Singular 'They' (Grammar)

Glossary of Grammatical and Rhetorical Terms

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Nordquist, Richard. "Singular 'They' (Grammar)." ThoughtCo, Apr. 25, 2017, thoughtco.com/singular-they-grammar-1691963. Nordquist, Richard. (2017, April 25). Singular 'They' (Grammar). Retrieved from https://www.thoughtco.com/singular-they-grammar-1691963 Nordquist, Richard. "Singular 'They' (Grammar)." ThoughtCo. https://www.thoughtco.com/singular-they-grammar-1691963 (accessed October 19, 2017).
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In English grammar, singular "they" is the use of the pronoun they, them, or their to refer to a singular noun or to certain indefinite pronouns (such as anybody or everyone). Also called epicene "they" and unisex "they."

Though strict prescriptive grammarians regard the singular they as a grammatical error, it has been in widespread use for several centuries. Singular they appears in the writings of Chaucer, Shakespeare, Austen, Woolf, and many other major English authors.

In January 2016, the American Dialect Society chose the gender-neutral singular they as its Word of the Year: "They was recognized by the society for its emerging use as a pronoun to refer to a known person, often as a conscious choice by a person rejecting the traditional gender binary of he and she" (American Dialect Society press release, January 8, 2016).

Examples

  • "When a person talks too much, they learn little." (Duncan Hines, Lodging for a Night, 1938)
  • "If anybody wants their admission fee back, they can get it at the door." ("Fiddler's Dram." Spooky South: Tales of Hauntings, Strange Happenings, and Other Local Lore, retold by S. E. Schlosser. Globe Pequot, 2004)
  • "She admired the fullness of the dirty net curtains, opened every drawer and cupboard, and, when she found the Gideon's Bible, said, 'Somebody's left their book behind.'" (Sue Townsend, Adrian Mole and the Weapons of Mass Destruction. Lily Broadway Productions, 2004)
  • "She kept her head and kicked her shoes off, as everybody ought to do who falls into deep water in their clothes." (C.S. Lewis, Voyage of the Dawn-Treader, 1952)
  • "I know when I like a person directly I see them!" (Virginia Woolf, The Voyage Out, 1915)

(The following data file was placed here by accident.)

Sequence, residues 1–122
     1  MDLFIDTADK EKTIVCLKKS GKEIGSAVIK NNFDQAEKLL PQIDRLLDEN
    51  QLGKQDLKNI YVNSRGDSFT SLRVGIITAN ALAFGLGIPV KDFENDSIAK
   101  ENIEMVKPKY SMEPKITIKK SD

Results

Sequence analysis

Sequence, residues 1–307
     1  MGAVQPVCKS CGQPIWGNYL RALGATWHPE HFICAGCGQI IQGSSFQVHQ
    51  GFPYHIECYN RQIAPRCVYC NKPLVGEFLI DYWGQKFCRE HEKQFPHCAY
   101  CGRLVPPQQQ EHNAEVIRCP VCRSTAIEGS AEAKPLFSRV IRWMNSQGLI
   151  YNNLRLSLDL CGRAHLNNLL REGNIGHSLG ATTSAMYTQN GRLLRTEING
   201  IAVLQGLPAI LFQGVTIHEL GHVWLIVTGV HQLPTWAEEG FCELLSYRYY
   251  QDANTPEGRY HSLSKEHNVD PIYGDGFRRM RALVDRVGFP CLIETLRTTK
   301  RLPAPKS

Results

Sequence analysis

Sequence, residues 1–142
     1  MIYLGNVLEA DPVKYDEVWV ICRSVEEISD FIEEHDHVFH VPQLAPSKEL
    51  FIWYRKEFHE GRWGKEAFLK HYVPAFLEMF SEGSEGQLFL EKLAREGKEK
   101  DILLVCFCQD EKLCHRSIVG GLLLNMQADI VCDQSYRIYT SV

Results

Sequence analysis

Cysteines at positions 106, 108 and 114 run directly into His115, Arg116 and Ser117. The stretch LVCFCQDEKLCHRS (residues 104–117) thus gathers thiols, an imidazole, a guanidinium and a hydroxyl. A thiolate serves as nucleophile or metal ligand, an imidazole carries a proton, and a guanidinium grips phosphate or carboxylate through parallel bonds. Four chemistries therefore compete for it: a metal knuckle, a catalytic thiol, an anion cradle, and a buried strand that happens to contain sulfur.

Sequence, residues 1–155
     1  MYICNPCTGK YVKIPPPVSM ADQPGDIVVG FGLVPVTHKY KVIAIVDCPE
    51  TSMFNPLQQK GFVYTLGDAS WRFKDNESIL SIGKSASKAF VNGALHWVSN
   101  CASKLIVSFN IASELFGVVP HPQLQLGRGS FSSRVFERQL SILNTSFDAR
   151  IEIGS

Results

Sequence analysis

• "'A person can't help their birth,' Rosalind replied with great liberality." (William Makepeace Thackeray, Vanity Fair, 1848)

    Singular They and Agreement

    "Examples of semantically singular they are given in [52]:

    [52i] Nobody in their right mind would do a thing like that.

    [52ii] Everyone has told me they think I made the right decision.

    [53iii] We need a manager who is reasonably flexible in their approach.

    [52iv] In that case the husband or the wife will have to give up their seat on the board.

    Notice that this special interpretation of they doesn't affect verb agreement: we have they think (3rd plural) in [ii], not *they thinks (3rd singular). Nonetheless, they can be interpreted as if it were 3rd person singular, with human denotation and unspecified gender." (Rodney Huddleston and Geoffrey K. Pullum, A Student's Introduction to English Grammar. Cambridge University Press, 2005)

    The Growing Acceptance of Singular They

    "The general hesitancy of grammarians towards accepting singular they is not actually matched by many of their academic colleagues who have researched the usage and its distribution (e.g. Bodine 1075; Whitley 1978; Jochnowitz 1982; Abbot 1984; Wales 1984b). Nor indeed is it matched by the lay native speakers of standard English, who show an overwhelming preference for it in contemporary spoken English, non-formal written English and an ever-widening spread of non-formal written registers, from journalism to administration and academic writing.